In Order of Disappearance

Upstanding community leader Nils has just won an award for "Citizen of the Year" when he learns the news that his son has died of a heroin overdose. Suspecting foul play, Nils begins to investigate, and soon finds himself at the center of an escalating underworld gang war between Serbian drug dealers and a sociopathic criminal mastermind known only as “The Count.”

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  • ★★★★ review by Hollie Horror on Letterboxd

    Ikke den første norske filmen om en brøytebilsjåfør jeg har sett, men definitivt den beste.

    Og fy faen! Hvorfor selger de ikke Froot Loops på sørlandet?!?

  • ★★★★ review by Jonathan White on Letterboxd

    March Around the World 2018 Edition

    Film #8 - Norway



    I love Stellan Skarsgård



    Often playing an irascible jerk, there’s always something special that bubbles up under all that crust. My favourite role of his was the somewhat befuddled hitman Ulrik, just released from prison, and now being reintroduced into criminal society in the brilliant A Somewhat Gentle Man. I guess I love that one not just because Skarsgård plays against type, but rather that he plays a character much like the many others he’s played, but possibly seen from another light … a sympathetic light.



    In Order of Disappearance grafts the kinder, gentler, Skarsgård into a Death Wish like revenge actioner. His character, Nils ( with the unfortunate surname of Dickman .. a fact not lost on his new found enemies ) with spectacular results. Dark as coal humor elevates the film above what would otherwise be standard action fare, but it’s subdued, and never tries to take centre stage.



    Being Canadian, It gave me a special kind of pleasure that our protagonist uses a snow plow as his weapon of choice.

  • ★★★★ review by Steve G on Letterboxd

    Springcrime - The April & May Project

    I think I like the cut of Hans Petter Moland's jib.

    The blackly comic crime stylings of the splendid A Somewhat Gentle Man are replicated to a certain extent for In Order Of Disappearance. The difference here is that the comedy is transferred from another Stellan Skarsgård weight-of-the-world riddled character pretty much wholesale to the villains of the piece.

    The comedy is also a lot darker and this is, really, more of a serious crime drama than anything. That's not to say it's not very funny in parts because it is, with the final death of the film being an outstanding piece of recalling not to mention the reaction of the wife of Skarsgård's brother when they bury him. But the comedy is not at the centre of this film, it's more off to the side like a green salad or something.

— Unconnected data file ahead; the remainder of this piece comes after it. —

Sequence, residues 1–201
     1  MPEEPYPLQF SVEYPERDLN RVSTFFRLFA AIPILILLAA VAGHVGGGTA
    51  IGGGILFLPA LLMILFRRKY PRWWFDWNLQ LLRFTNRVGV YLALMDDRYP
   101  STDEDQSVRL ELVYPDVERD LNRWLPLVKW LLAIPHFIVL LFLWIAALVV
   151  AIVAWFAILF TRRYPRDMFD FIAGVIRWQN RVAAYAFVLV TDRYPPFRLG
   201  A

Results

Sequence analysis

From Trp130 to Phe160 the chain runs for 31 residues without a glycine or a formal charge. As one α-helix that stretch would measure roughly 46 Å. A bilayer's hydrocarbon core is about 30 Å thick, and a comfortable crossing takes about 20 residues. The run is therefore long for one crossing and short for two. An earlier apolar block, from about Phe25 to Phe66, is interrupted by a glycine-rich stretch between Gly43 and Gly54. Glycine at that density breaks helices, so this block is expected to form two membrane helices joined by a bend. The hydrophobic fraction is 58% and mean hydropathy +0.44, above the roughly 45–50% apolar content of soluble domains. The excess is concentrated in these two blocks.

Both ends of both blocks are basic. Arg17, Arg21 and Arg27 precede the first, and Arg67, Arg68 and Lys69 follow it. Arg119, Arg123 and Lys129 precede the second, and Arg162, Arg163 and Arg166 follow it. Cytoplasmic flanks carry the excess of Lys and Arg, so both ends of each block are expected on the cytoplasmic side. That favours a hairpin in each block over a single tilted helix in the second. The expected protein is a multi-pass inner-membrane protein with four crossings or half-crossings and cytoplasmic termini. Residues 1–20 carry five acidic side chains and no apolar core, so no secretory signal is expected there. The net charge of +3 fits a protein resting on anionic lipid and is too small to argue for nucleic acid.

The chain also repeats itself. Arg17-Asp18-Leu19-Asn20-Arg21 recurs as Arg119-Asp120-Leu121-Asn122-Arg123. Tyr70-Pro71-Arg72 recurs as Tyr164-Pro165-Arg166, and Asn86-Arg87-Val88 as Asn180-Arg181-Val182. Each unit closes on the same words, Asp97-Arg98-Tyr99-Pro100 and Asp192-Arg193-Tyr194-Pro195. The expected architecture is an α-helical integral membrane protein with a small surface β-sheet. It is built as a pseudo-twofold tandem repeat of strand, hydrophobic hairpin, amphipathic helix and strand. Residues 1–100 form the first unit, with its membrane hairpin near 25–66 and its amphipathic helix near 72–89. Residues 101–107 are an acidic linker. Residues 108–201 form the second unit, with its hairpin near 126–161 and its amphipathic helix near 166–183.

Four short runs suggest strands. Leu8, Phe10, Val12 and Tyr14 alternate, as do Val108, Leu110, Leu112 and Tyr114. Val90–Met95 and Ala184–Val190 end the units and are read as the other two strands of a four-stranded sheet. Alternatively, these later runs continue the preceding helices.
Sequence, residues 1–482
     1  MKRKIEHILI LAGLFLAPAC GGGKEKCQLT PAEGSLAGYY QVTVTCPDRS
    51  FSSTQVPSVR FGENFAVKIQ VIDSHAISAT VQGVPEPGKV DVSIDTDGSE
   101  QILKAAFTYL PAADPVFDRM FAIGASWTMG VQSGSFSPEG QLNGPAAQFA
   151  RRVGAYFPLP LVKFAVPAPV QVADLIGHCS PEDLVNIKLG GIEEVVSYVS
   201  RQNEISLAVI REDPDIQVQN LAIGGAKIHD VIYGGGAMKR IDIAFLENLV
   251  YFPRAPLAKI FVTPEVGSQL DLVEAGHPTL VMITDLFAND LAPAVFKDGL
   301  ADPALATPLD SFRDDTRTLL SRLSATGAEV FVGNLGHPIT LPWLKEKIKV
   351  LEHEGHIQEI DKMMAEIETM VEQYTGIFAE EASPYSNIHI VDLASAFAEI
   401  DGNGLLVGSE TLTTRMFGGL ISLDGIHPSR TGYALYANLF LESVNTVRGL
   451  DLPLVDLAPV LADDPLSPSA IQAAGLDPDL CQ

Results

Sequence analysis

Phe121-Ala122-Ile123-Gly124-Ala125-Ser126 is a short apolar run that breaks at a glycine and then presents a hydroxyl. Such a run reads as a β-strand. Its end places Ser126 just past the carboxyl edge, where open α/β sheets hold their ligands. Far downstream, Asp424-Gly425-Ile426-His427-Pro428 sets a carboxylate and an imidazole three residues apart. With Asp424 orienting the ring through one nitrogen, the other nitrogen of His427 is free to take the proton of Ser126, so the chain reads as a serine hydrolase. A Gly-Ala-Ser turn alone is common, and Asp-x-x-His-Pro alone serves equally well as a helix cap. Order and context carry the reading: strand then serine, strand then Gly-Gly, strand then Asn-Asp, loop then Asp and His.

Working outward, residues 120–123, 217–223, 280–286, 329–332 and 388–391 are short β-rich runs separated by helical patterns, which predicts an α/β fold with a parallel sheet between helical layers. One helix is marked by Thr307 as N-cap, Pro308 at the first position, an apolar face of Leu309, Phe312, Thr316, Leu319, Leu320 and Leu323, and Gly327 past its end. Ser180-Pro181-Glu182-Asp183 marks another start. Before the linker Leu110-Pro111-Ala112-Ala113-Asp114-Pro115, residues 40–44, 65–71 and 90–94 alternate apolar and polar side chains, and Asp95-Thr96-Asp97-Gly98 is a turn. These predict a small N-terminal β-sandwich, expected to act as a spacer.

This is more or less a vigilante drama that turns rather sharply into a duel between two drugs factions that Skarsgård unwittingly puts in motion. Delightfully, Bruno Ganz pops up as the head of the Serbian side here, adding an extra touch of class to the whole film, while it's Pål Sverre Valheim Hagen as the head of the carrot juice drinking opposition gang that gets most of the film's funnier moments.

    Like with the aforementioned film, there's a poignancy to it all that worked really well. Skarsgård's only reason for living is tracking down who killed his son, a fact that Moland puts across brilliantly by isolating his lead from most of the rest of the characters in this film, and there's a lot of commentary about family units here that adds a fair amount of melancholy to what is going on.

    I think I have more to say about this but that's all I can contribute for now because I'm nodding off and if I leave it until tomorrow then I'll have forgotten everything and my entire review would be "Ooh snow!" But this is a really fine, splendidly acted and marvellously plotted film and I hope that Moland has plenty more of them where they came from. And he can put Skarsgård in all of them as far as I'm concerned.

  • ★★★★ review by Waldo on Letterboxd

    Stellan Skaarsgard goes all Charles Bronson when they mess with his family. He has an industrial snowplow business, a very important man if you're living in Norway, citizen of the year. But now he's all about killing a major cocaine dealer and starting a major gangster war between Norwegians and Serbs. Brutal action and a heavy dose of the blackest humor makes this more than just another revenge story. It's on Netflix. Check it out.

  • ★★★★½ review by DMB on Letterboxd

    Stellan Skarsgård entra directo al número 1 del ranking "Charles Bronson del Siglo XXI". In order of disappearance combina violencia y humor negro de manera magistral, me ha dejado con ganas de mas material del duo HP Moland/S Skarsgård.

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